It's O'Meara on the double British playoff victory earns Masters champ 2nd major in 100 days

July 20, 1998|By Don Markus | Don Markus,SUN STAFF

SOUTHPORT, England -- Mark O'Meara didn't get the biggest ovation yesterday at Royal Birkdale during the final round of the 127th British Open. He didn't make the most dramatic putt, chip in from the rough or nearly hole out from a bunker.

All he did was take home the old claret jug.

O'Meara's afternoon -- and evening -- on the Lancashire coast was much like the first 17 years of his PGA Tour career: steady but unspectacular. He left the excitement to a couple of younger players, Tiger Woods and British teen-age amateur Justin Rose. He left the tougher shots to journeyman Brian Watts.

All O'Meara did was win the second major of his 18-year career, the second in three months.

A 2-under-par 68 had left O'Meara at even-par 280 and ultimately tied with Watts, who needed to save par from a bunker on the last hole of regulation and nearly won with an awkward 45-foot blast to within a foot. It was the first time that the winner finished even-par after 72 holes since Greg Norman's victory at Turnberry in 1986.

A four-hole aggregate playoff with Watts, a 32-year-old Asian Tour star, didn't have the same electricity as O'Meara's victory at the Masters earlier this year, where he made a 20-footer on the 72nd hole to win by a shot. This time, a 4-foot birdie on the first playoff hole gave O'Meara a lead he wouldn't relinquish. Watts missed a 3 1/2 -foot birdie putt on that hole, and a 10-footer on the second playoff hole.

"There's a lot on the line in a major championship," O'Meara said. "The first thought that came into my mind was, you play so hard for a major championship, you play so hard for 72 holes, you go into a playoff, if you lose the playoff, you just say, 'Hey, at least I gave it a good try.' Deep down inside, you're going to be pretty disappointed. I didn't want to be disappointed today."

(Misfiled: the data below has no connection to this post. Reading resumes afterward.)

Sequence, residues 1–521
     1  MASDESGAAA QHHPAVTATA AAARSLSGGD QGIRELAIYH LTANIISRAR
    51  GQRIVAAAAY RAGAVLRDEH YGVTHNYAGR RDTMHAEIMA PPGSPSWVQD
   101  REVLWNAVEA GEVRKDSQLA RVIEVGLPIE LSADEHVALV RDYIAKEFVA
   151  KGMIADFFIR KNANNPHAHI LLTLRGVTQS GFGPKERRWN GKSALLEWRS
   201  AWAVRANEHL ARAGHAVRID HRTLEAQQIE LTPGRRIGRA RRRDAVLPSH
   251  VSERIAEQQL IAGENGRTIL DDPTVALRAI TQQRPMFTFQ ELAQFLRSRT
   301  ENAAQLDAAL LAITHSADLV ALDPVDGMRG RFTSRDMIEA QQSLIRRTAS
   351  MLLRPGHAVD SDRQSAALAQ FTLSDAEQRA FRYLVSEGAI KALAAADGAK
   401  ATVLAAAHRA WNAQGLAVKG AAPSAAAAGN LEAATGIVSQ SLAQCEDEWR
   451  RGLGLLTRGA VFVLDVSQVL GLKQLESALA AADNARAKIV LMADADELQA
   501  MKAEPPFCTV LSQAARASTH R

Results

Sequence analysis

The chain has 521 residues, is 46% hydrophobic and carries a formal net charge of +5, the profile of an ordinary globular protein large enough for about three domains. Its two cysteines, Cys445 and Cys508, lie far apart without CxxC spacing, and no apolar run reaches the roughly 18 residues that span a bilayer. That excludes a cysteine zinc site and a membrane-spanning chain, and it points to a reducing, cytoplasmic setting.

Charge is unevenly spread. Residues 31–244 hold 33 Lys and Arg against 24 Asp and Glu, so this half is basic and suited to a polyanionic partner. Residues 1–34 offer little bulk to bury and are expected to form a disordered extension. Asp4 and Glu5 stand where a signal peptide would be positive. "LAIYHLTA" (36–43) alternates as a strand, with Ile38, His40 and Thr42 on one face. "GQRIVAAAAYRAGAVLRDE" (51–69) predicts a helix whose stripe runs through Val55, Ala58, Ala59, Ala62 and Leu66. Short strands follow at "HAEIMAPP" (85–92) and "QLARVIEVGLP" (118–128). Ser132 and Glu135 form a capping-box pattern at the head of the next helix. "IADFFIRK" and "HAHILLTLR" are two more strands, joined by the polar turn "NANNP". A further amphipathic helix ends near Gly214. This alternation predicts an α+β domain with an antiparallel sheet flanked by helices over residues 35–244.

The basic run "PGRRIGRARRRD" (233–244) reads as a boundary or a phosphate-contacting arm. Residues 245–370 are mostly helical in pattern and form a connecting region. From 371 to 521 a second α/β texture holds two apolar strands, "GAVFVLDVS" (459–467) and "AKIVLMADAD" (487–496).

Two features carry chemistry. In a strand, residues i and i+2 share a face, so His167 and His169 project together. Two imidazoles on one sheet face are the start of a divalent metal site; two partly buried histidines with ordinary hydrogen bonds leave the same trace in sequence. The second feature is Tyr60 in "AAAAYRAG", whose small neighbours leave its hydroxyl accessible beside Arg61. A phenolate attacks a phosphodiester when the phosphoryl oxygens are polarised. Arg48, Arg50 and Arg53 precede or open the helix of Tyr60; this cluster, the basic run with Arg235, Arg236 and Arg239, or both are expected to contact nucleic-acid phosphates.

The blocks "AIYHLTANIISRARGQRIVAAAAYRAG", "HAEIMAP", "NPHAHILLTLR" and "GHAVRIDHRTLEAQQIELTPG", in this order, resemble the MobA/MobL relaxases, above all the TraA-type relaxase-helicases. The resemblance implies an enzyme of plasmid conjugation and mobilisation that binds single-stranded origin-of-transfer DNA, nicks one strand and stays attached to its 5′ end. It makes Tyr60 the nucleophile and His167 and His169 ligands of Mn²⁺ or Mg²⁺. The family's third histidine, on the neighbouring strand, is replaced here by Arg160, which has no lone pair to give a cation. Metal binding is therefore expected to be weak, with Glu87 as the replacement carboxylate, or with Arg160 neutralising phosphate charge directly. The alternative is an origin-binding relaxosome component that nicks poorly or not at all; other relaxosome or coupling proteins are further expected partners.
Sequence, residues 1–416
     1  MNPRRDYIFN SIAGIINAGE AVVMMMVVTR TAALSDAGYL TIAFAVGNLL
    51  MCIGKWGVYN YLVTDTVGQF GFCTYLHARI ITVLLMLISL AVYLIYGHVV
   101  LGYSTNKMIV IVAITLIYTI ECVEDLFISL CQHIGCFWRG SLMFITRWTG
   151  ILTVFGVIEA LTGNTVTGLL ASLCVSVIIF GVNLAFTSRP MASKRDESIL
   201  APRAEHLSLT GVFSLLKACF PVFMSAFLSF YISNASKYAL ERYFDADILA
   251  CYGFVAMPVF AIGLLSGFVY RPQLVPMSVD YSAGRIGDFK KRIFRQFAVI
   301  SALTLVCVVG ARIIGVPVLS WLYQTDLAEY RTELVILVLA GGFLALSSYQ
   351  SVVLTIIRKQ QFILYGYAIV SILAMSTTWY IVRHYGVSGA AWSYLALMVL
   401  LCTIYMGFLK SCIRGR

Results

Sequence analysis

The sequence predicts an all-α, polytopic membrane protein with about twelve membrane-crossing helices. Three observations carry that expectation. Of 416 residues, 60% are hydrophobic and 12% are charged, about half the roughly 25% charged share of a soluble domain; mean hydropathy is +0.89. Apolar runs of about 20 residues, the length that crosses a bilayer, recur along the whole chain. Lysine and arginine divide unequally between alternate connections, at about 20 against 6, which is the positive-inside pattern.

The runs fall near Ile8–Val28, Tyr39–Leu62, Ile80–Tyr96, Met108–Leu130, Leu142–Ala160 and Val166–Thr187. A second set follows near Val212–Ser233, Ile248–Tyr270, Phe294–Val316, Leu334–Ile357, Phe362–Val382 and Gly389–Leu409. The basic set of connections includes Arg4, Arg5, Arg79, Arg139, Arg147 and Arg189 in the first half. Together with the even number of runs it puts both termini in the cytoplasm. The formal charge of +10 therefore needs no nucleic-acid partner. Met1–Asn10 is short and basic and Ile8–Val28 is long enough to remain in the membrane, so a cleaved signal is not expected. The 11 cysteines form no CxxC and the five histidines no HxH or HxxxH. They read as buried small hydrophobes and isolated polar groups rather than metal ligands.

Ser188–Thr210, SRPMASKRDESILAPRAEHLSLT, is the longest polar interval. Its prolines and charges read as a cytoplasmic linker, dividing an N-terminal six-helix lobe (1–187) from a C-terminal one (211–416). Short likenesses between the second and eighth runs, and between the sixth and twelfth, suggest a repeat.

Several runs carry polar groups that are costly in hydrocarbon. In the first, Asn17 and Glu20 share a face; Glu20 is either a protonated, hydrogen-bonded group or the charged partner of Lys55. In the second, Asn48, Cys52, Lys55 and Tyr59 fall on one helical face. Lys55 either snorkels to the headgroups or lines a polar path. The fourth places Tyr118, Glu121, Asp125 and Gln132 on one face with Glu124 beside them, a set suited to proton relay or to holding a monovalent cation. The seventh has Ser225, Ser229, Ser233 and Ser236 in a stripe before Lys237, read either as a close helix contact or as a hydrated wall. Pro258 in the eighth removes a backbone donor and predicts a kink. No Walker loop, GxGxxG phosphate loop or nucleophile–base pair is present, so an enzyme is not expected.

O'Meara wound up winning by two shots after Watts, trying to hole out from a bunker adjacent to the one from which he hit an incredible shot to help save par in regulation, sailed his last-ditch attempt over the flag and to the back of the green. He made bogey and O'Meara simply two-putted from 18 feet for par.

The defeat was difficult for Watts, who had led since the second round and had played steadily yesterday. But it did not come without its rewards. The second-place check for $329,000 means that Watts will finish in the top 125 on the PGA Tour money list and will be given a one-year exemption if he wants it.

"Obviously if you would have told me I would have been in a playoff at the Open championship at the beginning of the week, I wouldn't have believed you," said Watts, an 11-time winner in Asia who finished 184th during the 1991 season on the PGA Tour. "I am happy to be here. Also I'm disappointed that I didn't win because I had the opportunity to do it today. But I'm still proud of myself."

In his victory speech a few minutes later on the 18th green, O'Meara first congratulated Rose, the 17-year-old who won the hearts of his countrymen throughout the week and capped off the best performance by an amateur in the British Open in 45 years by holing out from the rough from 30 yards to shoot 1-under 69, finishing at 2-over. O'Meara congratulated Watts for his bunker shot at 18 in regulation.

And he told the huge crowd surrounding the green how wonderful a victory it was.

"All I can say is that this golf course has been very good to Mark O'Meara and his family," said O'Meara, who won a tournament here in 1987 and finished third in the 1991 British Open.

Whether he wanted it or not, yesterday's victory gave O'Meara ** much more than the $520,000, which pushed him to over $10 million in career earnings, and made him an almost certain lock for Player of the Year. It also gives O'Meara a place in major championship golf history.

At 41, he becomes the oldest player to win two majors in the same year, eclipsing the accomplishment of Jack Nicklaus, who won the U.S. Open and PGA Championship in 1980, and Ben Hogan, who won all but the PGA in 1953. Both were 40. He also became the first player to win two majors in the same year since Nick Price won the British Open and PGA back-to-back in 1994.

O'Meara can become the first player to win three majors in the same year since Hogan. O'Meara's chance will come when he plays this year's PGA Championship at Sahalee Country Club in Redmond, Wash., next month.

Asked if he feels as if his victories at the Masters and British Open should change his status, O'Meara said, "Like I said at Augusta, I think I'm a very nice player, a good player. I don't classify myself as a great player. That puts a lot of pressure on you. You know great players are players like Jack Nicklaus, Byron Nelson and Ben Hogan. You can go on to Sam Snead and down the list, Arnold Palmer. I mean players who won a lot of championships and have been great ambassadors to the game."

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